CernVM-FS Shrinkwrap Utility
The CernVM-FS Shrinkwrap utility provides a means of exporting CVMFS repositories. These exports may consist of the complete repository or contain a curated subset of the repository.
The CernVM-FS shrinkwrap utility uses
libcvmfs to export repositories
to a POSIX file tree. This file tree can then be packaged and exported in
several ways, such as SquashFS, Docker layers, or TAR file.
cvmfs_shrinkwrap utility supports multithreaded copying to increase
throughput and a file specification to create a subset of a repository.
cvmfs_shrinkwrap utility is packaged for Red Hat based and Debian based
platforms in the
In order to compile
cvmfs_shrinkwrap from sources, use the
-DBUILD_SHRINKWRAP=on cmake option.
CernVM-FS Shrinkwrap Layout
The structure used in the Shrinkwrap output mirrors that used internally
by CernVM-FS. The visible files are hard linked to a hidden data directory.
cvmfs_shrinkwrap builds in a base directory (
where a directory exists for each repository and a
containing the content-addressed files for deduplication.
The shrinkwrap output directory should be formatted with XFS. The ext file systems limit the number of hard links to 64k.
Default base directory Single mount point that can be used to package repositories, containing both the directory tree and the data directory.
Repository file tree Directory containing the visible structure and file names for a repository.
File storage location for repositories Content-addressed files in a hidden directory.
Storage location for provenance
Hidden directory that stores the provenance
The specification file allows for both positive entries and exclusion statements. Inclusion can be specified directly for each file, can use wildcards for directories trees, and an anchor to limit to only the specified directory. Directly specify file :
Specify directory tree :
Specify only directory contents :
Negative entries will be left out of the traversal :
Creating an image for ROOT
Start out with either building
cvmfs_shrinkwrap, adding it to your path,
or locating it in your working directory.
Create a file specification to limit the files subject to being shrinkwrapped.
Here is an example for ROOT version 6.10 (~8.3 GB). For our example put this in
a file named
/lcg/releases/ROOT/6.10.04-4c60e/x86_64-centos7-gcc7-opt/* /lcg/contrib/binutils/2.28/x86_64-centos7/lib/* /lcg/contrib/gcc/* /lcg/releases/gcc/* /lcg/releases/lcgenv/*
libcvmfs configuration file that will be used for
cvmfs_shrinkwrap puts heavy load on servers. DO NOT configure it to read
from production Stratum 1s!
cvmfs_shrinkwrap at CERN please use
and for OSG please use
Here is an example that uses the CERN server, written to
CVMFS_REPOSITORIES=sft.cern.ch CVMFS_REPOSITORY_NAME=sft.cern.ch CVMFS_CONFIG_REPOSITORY=cvmfs-config.cern.ch CVMFS_SERVER_URL='http://cvmfs-stratum-zero-hpc.cern.ch/cvmfs/sft.cern.ch' CVMFS_HTTP_PROXY=DIRECT # Avoid filling up any local squid's cache CVMFS_CACHE_BASE=/var/lib/cvmfs/shrinkwrap CVMFS_KEYS_DIR=/etc/cvmfs/keys/cern.ch # Need to be provided for shrinkwrap CVMFS_SHARED_CACHE=no # Important as libcvmfs does not support shared caches CVMFS_USER=cvmfs
Keys will need to be provided. The location in this configuration is the default used for CVMFS with FUSE.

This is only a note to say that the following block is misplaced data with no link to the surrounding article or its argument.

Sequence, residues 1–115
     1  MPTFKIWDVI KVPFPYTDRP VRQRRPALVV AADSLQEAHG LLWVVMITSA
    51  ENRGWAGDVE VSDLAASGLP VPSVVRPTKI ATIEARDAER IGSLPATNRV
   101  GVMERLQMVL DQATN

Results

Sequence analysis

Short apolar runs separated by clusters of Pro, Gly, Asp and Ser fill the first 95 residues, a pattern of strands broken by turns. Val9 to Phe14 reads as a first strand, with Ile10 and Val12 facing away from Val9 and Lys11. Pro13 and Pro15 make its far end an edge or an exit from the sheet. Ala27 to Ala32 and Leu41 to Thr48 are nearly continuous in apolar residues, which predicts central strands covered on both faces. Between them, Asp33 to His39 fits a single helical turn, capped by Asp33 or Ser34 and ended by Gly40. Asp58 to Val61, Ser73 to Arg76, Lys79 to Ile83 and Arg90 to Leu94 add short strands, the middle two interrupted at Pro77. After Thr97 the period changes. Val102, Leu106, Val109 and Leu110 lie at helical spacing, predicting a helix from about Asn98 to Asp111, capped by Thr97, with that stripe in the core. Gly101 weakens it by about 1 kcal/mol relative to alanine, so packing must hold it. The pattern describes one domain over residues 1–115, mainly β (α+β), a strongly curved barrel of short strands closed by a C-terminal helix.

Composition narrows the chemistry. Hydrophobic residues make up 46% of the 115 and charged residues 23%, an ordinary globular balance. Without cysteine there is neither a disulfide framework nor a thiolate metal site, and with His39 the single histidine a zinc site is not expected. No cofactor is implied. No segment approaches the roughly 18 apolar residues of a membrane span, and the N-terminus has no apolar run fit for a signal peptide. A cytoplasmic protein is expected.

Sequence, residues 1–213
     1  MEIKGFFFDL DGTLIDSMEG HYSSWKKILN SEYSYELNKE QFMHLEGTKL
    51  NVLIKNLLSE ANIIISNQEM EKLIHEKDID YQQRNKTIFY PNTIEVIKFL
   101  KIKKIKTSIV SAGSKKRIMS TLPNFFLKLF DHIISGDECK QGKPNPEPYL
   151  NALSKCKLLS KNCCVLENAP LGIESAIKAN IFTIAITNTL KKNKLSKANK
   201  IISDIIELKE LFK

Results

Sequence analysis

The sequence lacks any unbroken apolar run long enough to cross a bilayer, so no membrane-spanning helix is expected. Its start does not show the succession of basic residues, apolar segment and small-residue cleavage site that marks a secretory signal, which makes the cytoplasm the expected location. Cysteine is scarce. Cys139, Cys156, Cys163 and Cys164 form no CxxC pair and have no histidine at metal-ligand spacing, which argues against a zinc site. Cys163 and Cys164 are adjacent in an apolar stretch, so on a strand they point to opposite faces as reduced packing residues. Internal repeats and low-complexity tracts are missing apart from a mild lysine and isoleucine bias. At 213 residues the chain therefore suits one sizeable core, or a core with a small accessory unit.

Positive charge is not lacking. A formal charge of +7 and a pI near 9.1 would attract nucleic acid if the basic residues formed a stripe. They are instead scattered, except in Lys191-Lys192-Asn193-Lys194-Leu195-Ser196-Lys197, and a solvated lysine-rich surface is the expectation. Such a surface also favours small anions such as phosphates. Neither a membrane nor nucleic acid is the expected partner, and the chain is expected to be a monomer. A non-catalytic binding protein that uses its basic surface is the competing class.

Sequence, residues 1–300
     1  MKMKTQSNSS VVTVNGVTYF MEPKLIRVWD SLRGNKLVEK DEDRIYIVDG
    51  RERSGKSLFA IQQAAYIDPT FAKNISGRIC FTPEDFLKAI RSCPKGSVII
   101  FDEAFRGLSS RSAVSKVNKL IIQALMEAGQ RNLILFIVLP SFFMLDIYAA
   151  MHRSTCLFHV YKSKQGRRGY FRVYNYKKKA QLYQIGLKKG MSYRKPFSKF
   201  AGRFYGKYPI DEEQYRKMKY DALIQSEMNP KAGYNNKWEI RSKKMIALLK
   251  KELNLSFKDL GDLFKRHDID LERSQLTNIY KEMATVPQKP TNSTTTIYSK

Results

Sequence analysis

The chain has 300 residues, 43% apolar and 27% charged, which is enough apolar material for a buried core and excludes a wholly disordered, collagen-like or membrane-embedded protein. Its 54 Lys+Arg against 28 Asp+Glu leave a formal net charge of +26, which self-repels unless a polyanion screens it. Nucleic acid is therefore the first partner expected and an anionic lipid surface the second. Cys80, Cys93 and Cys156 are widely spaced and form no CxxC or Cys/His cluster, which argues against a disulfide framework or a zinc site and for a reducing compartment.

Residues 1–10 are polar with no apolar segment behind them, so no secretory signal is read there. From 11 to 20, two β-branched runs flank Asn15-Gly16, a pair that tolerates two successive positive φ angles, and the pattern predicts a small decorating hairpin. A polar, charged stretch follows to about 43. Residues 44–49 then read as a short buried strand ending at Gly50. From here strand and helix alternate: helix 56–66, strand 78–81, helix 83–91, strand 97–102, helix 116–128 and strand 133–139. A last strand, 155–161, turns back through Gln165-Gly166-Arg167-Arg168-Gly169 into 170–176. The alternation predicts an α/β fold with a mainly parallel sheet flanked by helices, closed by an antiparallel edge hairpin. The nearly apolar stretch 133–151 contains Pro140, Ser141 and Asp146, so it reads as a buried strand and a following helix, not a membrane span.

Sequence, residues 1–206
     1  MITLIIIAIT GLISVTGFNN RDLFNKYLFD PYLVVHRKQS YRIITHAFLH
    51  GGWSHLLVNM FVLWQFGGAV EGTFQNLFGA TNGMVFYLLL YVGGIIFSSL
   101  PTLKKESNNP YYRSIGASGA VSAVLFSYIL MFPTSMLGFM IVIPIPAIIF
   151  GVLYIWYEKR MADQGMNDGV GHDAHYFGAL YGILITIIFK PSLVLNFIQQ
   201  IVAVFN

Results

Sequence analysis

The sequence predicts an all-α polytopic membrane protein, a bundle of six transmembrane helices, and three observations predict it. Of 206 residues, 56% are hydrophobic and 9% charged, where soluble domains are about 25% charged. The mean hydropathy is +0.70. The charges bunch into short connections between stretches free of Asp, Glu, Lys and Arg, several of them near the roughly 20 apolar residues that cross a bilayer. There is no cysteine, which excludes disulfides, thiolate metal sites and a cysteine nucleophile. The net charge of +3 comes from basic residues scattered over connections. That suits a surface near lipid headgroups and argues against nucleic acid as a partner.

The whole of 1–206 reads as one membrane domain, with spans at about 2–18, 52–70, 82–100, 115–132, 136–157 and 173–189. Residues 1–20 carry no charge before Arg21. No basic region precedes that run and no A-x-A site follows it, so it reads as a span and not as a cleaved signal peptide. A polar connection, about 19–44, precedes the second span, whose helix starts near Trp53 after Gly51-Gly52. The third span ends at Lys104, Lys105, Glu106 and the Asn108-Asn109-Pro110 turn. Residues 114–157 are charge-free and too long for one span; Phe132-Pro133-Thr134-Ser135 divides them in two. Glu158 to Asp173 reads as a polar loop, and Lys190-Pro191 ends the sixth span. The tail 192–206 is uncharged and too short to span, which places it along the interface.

Using the cvmfs repository
sudo cvmfs_shrinkwrap -r sft.cern.ch -f sft.cern.ch.config -t sft.cern.ch.spec --dest-base /tmp/cvmfs -j 16
Creating an image in user space
Start by using the above setup.
Alternatively, shrinkwrap images can be created in user space. This is achieved using
the UID and GID mapping feature of
libcvmfs. First mapping files need to be written.
Example (Assuming UID 1000). Write
* 1000 into
Add this rule
The same is done with GID into
Using the cvmfs repository
cvmfs_shrinkwrap -r sft.cern.ch -f sft.cern.ch.config -t sft.cern.ch.spec --dest-base /tmp/cvmfs -j 16
Using a shrinkwrap image
Shrinkwrap was developed to address similar restrictions as the CVMFS Preloader. Having created an image from your specification there are a number of ways this can be used and moved around.
Having a fully loaded repository, including the hard linked data, the image can be exported to a number of different formats and packages. Some examples of this could be ZIP, tarballs, or squashfs. The recommendation is to use squashfs as it provides a great amount of portability and is supported for directly mounting on most OS.
If tools for creating squashfs are not already available try :
apt-get install squashfs-tools
– or –
yum install squashfs-tools
After this has been installed a squashfs image can be created using the above image :
mksquashfs /tmp/cvmfs root-sft-image.sqsh
This process may take time to create depending on the size of the shrinkwrapped image. The squashfs image can now be moved around and mounted using :
mount -t squashfs /PATH/TO/IMAGE/root-sft-image.sqsh /cvmfs
Bind mounting an image
The shrinkwrap image can also be directly moved and mounted using bind mounts.
mount --bind /tmp/cvmfs /cvmfs
This provides a quick method for testing created images and verifying the contents will run your expected workload.
Important note on use
Shrinkwrap images mirror the data organization of CVMFS. As such it is important that the data and the file system tree be co-located in the file system/mountpoint. If the data is separated from the file system tree you are likely to encounter an error.